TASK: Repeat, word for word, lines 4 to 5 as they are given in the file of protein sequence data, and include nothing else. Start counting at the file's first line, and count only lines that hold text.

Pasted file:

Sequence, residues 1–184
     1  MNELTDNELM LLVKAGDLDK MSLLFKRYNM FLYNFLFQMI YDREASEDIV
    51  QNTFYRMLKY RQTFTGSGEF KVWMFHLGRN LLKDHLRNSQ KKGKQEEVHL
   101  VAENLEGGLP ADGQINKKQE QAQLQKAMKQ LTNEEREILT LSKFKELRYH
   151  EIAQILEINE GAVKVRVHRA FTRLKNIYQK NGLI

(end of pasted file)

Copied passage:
   101  VAENLEGGLP ADGQINKKQE QAQLQKAMKQ LTNEEREILT LSKFKELRYH
   151  EIAQILEINE GAVKVRVHRA FTRLKNIYQK NGLI